Green bonds are blossoming
Bonds are a type of debt instrument used by companies and governments to meet their borrowing requirements. Investors purchase bonds, thereby providing the issuer with capital, in return for regular interest payments up until the bond matures, at which point the capital borrowed is repaid.
In recent years, we have seen a significant rise in the issuance of green bonds, which are used to raise capital exclusively for projects or activities with specific climate or environmental sustainability aims. In order for the bond to be classified as a green bond, the issuing company or government must track, monitor and report on the use of proceeds.
The market for green bonds has taken off rapidly. In 2014, $37 billion worth of green bonds were issued globally. During the first half of this year, a record amount of $117 billion were issued, which means the total for this year is on track to exceed $200 billion. Europe is leading the way at present, issuing 54% of the total green bonds brought to market during the 2nd quarter of this year. Whilst this comprised both corporate and government borrowing, this period saw sizeable issuances by governments in France and the Netherlands.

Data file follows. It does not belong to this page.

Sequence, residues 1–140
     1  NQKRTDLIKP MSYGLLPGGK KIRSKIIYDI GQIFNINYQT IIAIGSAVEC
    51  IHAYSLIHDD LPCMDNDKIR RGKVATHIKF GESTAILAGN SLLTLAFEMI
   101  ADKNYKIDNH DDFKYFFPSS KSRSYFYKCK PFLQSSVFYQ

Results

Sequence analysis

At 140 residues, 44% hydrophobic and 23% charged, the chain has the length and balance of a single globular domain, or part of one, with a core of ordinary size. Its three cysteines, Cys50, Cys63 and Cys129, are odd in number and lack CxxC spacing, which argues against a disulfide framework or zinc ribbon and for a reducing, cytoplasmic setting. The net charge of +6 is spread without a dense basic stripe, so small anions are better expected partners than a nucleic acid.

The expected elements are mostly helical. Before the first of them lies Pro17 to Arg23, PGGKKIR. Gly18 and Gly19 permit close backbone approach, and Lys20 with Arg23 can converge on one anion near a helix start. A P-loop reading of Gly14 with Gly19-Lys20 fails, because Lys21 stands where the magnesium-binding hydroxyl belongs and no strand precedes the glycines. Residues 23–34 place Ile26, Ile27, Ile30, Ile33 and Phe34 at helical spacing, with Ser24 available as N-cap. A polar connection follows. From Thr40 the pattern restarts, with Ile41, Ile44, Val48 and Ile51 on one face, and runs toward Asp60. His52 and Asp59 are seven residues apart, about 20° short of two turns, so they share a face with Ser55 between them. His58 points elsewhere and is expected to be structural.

The UK government are yet to issue a green bond, but the growing commitment to environmentally friendly projects is likely to dictate a need for the government to borrow using green bonds. With a significant amount of investment required globally in order to meet climate change targets, the use of green bonds is likely to continue accelerating. Some analysts have estimated that a monumental $120 trillion worth of investment is required by 2050 in order to limit global temperature rises as set out by the Paris Agreement.
We are certainly noticing sustainable investing is a growing theme amongst fund managers, which suggests that it will continue to become easier for companies and governments to borrow money for climate friendly projects.